Israel to ease travel limits in W. Bank
RAMALLAH, West Bank — Israel’s military announced yesterday that it plans to further ease restrictions on Palestinian travel in the West Bank, delivering what appeared to be a first in a series of gestures requested by the United States as part of renewed peace talks.
Indirect US-mediated negotiations began earlier this month, with a US envoy shuttling between the Israeli and Palestinian leaders. Palestinian officials say the Obama administration has asked Israel for confidence-building steps, including removing more West Bank checkpoints, releasing some Palestinian prisoners, and allowing more goods into blockaded Gaza.
An Israeli government official, speaking on condition of anonymity to comply with briefing regulations, said the easing of restrictions came in the context of the peace talks. He gave no timeline, but at least one of the changes was in effect yesterday with the opening of a road.
For the past decade, since the outbreak of the second Palestinian uprising, Israel has severely restricted Palestinian movement with hundreds of obstacles and checkpoints, as well as its West Bank separation barrier.
The restrictions were meant to keep out Palestinian attackers and largely remained in place after the uprising ended several years ago.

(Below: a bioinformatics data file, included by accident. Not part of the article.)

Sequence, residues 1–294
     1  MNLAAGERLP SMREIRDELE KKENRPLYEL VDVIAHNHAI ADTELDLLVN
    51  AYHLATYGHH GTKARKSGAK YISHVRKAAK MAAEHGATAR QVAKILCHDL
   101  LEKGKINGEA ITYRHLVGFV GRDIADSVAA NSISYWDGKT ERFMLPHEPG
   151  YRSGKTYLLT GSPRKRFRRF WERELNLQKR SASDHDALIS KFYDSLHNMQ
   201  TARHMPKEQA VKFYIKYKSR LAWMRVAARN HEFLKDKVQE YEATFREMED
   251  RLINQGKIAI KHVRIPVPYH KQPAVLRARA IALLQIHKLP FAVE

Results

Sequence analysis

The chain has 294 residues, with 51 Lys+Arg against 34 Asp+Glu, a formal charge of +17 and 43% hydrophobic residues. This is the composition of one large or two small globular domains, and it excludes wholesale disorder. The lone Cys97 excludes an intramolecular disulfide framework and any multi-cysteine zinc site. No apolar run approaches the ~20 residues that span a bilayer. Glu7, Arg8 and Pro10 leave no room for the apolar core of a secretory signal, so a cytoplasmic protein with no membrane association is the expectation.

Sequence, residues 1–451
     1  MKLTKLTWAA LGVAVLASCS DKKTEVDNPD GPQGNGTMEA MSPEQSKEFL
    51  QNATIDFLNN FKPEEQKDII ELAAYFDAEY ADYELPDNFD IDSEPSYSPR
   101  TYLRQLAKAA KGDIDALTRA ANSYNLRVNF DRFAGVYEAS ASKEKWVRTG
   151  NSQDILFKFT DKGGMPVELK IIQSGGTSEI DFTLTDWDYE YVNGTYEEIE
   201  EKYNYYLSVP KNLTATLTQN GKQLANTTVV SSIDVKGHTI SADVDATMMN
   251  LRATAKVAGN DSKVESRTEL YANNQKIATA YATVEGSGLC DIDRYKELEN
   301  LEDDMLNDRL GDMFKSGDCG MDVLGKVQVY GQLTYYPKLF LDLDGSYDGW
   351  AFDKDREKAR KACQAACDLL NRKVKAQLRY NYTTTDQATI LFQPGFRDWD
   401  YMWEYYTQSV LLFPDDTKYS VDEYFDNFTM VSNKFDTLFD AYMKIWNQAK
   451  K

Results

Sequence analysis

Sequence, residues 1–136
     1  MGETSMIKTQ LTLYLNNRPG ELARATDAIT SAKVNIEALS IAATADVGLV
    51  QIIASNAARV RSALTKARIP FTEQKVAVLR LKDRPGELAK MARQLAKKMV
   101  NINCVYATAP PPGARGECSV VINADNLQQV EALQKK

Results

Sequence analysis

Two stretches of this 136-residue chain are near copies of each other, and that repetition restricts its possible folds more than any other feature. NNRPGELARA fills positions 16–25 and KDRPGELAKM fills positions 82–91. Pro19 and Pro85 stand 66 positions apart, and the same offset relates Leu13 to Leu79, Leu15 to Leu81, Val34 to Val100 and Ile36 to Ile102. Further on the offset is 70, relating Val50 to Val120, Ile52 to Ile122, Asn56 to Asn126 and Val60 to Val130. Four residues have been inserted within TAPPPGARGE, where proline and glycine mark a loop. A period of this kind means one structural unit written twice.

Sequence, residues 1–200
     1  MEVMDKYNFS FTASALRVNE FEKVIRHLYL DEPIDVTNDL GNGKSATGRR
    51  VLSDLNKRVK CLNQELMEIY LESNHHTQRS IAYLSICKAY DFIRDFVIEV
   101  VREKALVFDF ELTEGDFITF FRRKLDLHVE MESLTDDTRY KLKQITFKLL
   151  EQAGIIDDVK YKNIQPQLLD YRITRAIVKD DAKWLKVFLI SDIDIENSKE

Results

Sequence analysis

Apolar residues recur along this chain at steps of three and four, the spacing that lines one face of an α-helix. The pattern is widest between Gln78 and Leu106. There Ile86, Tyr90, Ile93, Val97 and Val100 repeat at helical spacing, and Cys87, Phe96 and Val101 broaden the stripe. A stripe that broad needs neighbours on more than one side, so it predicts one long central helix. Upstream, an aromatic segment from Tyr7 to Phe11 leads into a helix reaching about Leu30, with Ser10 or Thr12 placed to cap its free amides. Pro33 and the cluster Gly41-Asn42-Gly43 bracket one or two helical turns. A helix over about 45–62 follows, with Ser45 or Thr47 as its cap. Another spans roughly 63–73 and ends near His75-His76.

In recent months, Israel has made it easier for Palestinians to travel in the West Bank, and yesterday’s announcement signaled a further step in that direction. But about 85 manned roadblocks and more than 400 unmanned obstacles, like metal gates and earthen mounds, remain in place, according to UN figures.
Asked to comment on the Israeli measures, a Palestinian negotiator, Saeb Erekat, noted that Israel has yet to meet international commitments it has made, such as halting all settlement construction.
“We will see what happens on the ground and judge it,’’ Erekat said.
The military said it would open two segments of West Bank roads to Palestinian motorists, remove 60 unmanned roadblocks, ease access of foreign tourists to the biblical city of Bethlehem, and make it easier for Israeli Arabs to drive to West Bank towns.
Bethlehem’s mayor, Victor Batarseh, said that if implemented, the decision would help improve the local economy, which relies heavily on tourism. One of the road segments mentioned in the military announcement was open to Palestinian motorists yesterday and significantly shortened the hour-long drive from Bethlehem to the town of Ramallah.
The Gaza Strip has been under an Israeli-Egyptian blockade since the Islamic militant group Hamas seized the territory three years ago.